You Have to Stop Trying to Save Yourself
Watchman Nee relates a story from one of his experiences as a Christian leader in China. A group of young Christian brothers were gathered together to take a swim in one of the many creeks that run throughout the countryside there. Since most were not good swimmers they were careful to remain close to the banks so as not to get in water over their head.
One of the brothers got out a little too far and begin to struggle in the deep water. Realizing his predicament he began to cry out to his neighbors, who by now were out of the water and drying off. "Help! Save me!" he yelled, all the while thrashing his arms and legs in a futile attempt to keep his head above water.
Brother Nee knew that only one man was experienced enough at swimming to provide some assistance, and he turned to him for help. But strangely enough, the would-be rescuer calmly watched the man's plight but made no move to save him. "Why don't you do something?" they all screamed in unison. But the man just stood there apparently unconcerned.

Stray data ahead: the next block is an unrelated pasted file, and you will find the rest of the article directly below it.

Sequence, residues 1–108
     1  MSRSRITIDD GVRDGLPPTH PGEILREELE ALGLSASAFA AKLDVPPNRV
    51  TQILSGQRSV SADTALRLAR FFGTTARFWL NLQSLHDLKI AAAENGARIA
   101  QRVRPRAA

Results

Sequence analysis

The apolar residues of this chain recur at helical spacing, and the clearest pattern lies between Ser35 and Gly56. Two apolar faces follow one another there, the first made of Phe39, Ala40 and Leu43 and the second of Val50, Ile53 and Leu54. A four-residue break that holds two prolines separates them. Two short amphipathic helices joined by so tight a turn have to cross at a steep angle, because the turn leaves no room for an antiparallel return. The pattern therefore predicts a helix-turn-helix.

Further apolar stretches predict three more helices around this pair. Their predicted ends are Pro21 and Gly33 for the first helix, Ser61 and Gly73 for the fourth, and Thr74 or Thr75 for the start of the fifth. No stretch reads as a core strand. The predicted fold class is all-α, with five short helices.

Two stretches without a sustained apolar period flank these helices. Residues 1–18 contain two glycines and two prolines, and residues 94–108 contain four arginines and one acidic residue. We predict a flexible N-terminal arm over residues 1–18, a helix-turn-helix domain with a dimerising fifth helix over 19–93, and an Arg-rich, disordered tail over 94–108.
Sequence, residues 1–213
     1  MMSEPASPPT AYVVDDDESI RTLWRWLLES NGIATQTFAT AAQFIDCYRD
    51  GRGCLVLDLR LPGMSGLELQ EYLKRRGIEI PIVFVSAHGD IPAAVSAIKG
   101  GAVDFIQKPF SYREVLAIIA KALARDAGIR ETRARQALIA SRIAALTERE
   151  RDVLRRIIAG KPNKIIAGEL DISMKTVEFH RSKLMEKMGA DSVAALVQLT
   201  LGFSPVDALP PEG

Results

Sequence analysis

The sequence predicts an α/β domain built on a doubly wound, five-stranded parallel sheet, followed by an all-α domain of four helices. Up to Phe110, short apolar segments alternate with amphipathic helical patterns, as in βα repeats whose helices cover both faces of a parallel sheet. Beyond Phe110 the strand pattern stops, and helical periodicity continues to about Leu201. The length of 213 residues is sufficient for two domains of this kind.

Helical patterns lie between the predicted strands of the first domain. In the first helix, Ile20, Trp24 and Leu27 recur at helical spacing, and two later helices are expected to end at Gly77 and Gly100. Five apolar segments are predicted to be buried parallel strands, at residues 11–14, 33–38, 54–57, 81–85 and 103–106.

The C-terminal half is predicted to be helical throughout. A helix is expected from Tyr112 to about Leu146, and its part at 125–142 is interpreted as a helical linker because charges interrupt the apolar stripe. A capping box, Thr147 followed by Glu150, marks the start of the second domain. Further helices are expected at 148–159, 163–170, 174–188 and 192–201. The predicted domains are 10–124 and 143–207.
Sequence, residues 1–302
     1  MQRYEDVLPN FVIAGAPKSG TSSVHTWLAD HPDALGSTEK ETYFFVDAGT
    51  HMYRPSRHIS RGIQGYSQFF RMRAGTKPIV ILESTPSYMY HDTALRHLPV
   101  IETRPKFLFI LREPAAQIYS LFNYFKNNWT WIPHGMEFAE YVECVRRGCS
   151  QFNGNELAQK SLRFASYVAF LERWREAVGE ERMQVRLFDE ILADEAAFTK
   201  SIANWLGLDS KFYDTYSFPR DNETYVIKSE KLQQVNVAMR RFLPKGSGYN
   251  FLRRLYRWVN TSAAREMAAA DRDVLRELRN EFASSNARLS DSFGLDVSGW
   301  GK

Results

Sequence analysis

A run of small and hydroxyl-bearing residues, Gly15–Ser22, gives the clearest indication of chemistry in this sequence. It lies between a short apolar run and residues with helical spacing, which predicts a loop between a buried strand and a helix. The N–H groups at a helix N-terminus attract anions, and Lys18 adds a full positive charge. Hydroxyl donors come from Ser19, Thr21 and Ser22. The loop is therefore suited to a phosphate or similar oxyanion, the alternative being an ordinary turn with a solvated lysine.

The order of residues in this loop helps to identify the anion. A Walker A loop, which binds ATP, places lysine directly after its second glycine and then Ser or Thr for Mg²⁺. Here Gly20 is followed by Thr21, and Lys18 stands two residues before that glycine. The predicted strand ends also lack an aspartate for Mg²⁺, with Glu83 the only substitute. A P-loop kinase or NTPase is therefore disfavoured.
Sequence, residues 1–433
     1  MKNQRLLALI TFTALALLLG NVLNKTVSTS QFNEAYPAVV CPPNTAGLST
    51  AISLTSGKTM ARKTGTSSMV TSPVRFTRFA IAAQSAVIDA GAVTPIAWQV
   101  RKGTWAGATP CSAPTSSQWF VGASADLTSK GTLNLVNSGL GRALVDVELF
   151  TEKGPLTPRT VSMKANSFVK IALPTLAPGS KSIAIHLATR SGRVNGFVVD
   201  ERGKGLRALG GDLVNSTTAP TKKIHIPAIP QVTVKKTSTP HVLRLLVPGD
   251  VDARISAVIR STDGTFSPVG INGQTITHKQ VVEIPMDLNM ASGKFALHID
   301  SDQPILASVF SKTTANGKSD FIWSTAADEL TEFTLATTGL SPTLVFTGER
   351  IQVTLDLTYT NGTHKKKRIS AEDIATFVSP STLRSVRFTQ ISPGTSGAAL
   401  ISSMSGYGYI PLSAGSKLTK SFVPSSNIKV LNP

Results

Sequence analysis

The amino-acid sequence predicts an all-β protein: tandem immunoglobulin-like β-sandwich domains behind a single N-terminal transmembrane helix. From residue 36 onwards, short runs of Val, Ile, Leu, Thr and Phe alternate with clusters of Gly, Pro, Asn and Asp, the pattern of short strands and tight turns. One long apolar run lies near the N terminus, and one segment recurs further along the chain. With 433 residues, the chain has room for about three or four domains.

After a few moments the drowning man could stay afloat no more. His arms and legs grew tired and limp and he began to sink underwater. Now the slow-moving lifeguard dove into the creek, and with a few quick strokes reached the victim and pulled him to safety.
Once all was well, Brother Nee was beside himself. "How could you stand by and watch your brother drown, ignoring his cries for help and prolonging his suffering?"
But the man calmly explained. "If I were to jump in immediately and try to save a drowning man, he would clutch me in panic and pull me under with him. In order to be saved, he must come to the end of himself, and cease struggling, cease trying to save himself. Only then can he be helped."
The spiritual lesson here is hard to miss. Nee concluded, and we also conclude, that just as a drowning man cannot be saved until he stops struggling, so must all who would be saved by Christ. When we come to the end of ourselves, then God is able to rescue us.